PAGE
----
North Carolina Sea Grant
Coastwatch Currents

Coastwatch Currents

September 10, 2019 | Katelyn Vause

Michael Burchell, out in the field.

Nitrate levels in wetlands fluctuate throughout the day, according to a new study from researchers at NC State. The findings have implications for how to measure and account for nitrate, which can originate from fertilizers and sometimes act as a pollutant.

Michael Burchell, a professor in NC State’s Department of Biological and Agricultural Engineering, says the findings provide new insights about nitrate concentrations in wetlands constructed for pollutant removal.

“Agricultural drainage water can be pumped from farms into constructed wetlands as a way to remove pollutants from the water,” Burchell explains. “It’s important we gain an understanding of how nitrate levels change in these systems over time.”

Often, scientists rely on the collection of daily water samples to measure nitrate levels in aquatic environments, and the levels may appear to steadily decrease over time. New sensor technology allowed Burchell and his team to make hourly measurements, which revealed that nitrate levels in wetlands fluctuate during certain times of the day, even though overall the levels tend to decrease. Burchell says microorganisms and utltraviolet light break down organic matter, releasing internal sources of nitrogen that likely cause the hourly fluctuations that his team identified.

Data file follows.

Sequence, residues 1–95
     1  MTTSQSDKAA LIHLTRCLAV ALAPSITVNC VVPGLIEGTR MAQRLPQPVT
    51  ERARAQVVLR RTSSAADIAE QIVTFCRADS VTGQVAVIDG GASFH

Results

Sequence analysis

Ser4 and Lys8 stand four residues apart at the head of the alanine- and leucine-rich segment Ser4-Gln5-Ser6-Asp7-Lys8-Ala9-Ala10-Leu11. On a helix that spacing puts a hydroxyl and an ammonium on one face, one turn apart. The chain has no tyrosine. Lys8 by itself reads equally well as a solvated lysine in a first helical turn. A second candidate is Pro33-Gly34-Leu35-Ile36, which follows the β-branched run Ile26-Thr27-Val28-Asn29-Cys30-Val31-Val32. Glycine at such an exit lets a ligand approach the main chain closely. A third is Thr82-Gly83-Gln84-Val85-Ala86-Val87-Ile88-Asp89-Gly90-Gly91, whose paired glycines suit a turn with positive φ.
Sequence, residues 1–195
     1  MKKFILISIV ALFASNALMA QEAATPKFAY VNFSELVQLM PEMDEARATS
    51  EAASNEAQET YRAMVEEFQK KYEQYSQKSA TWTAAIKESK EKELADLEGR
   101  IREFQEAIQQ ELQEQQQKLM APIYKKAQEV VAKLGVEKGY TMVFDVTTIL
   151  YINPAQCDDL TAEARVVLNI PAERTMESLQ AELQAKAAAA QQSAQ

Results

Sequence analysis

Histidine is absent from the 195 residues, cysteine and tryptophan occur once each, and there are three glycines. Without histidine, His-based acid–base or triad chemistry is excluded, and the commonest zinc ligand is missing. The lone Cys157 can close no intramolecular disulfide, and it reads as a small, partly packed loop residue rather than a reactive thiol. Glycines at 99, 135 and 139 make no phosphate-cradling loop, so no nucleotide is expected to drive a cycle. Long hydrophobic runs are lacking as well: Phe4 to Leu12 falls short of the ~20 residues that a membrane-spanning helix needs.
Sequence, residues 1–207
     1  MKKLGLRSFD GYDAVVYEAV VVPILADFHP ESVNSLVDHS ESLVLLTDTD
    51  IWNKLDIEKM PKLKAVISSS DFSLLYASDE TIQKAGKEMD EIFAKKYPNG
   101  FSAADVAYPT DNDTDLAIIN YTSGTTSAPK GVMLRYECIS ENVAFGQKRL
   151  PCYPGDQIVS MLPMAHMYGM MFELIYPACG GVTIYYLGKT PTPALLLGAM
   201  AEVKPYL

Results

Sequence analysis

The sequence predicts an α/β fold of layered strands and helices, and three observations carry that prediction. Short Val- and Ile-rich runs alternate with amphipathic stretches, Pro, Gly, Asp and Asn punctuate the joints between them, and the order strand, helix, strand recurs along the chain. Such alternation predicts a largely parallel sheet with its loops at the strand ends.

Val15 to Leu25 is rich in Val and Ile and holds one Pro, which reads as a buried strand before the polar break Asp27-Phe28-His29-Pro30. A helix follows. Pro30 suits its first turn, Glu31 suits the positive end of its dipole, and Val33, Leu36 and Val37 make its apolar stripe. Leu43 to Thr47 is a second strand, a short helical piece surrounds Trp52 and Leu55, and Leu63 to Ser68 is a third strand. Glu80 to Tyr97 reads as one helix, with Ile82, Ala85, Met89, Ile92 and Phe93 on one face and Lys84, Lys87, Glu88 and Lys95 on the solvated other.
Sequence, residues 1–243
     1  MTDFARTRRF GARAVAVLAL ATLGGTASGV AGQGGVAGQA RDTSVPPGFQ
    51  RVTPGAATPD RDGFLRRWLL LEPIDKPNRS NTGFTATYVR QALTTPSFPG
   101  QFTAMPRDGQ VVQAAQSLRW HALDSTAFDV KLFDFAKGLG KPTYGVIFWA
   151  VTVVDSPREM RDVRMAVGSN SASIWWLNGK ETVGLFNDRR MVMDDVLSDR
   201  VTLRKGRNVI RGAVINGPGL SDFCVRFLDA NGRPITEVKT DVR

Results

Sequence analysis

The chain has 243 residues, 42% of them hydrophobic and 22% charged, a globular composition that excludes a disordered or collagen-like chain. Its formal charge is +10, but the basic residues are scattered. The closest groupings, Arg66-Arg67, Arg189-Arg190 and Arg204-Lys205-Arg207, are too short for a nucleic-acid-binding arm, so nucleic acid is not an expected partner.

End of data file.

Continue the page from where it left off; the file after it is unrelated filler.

After fertilizer is applied to a field, nitrate can then leach into the soil if plants don’t consume it all. When farmers pump water out of their fields, it carries the nitrate with it.

This is especially critical in places like Hyde County, where farmers frequently work at or below sea level, requiring them to use large pumps to drain the land in order to use it. While the water will ultimately end up in sounds or streams, wetlands can serve as intermediate sieves.

In wetlands, nitrate breaks down through microbial activity and becomes nitrogen gas. The process removes the majority of the nitrate from the water. In the case of Hyde County’s wetlands, the water that then drains into the Alligator River is much cleaner.

“This research overall helps practitioners predict how much agricultural drainage water they can pump into a wetland,” Burchell says.

North Carolina Sea Grant, the North Carolina Water Resources Research Institute and other groups funded Burchell’s study. He led a research team that included NC State’s Francois Birgand and University of Nebraska-Lincoln’s Tiffany L. Messer.

Read the full study in Ecological Engineering.

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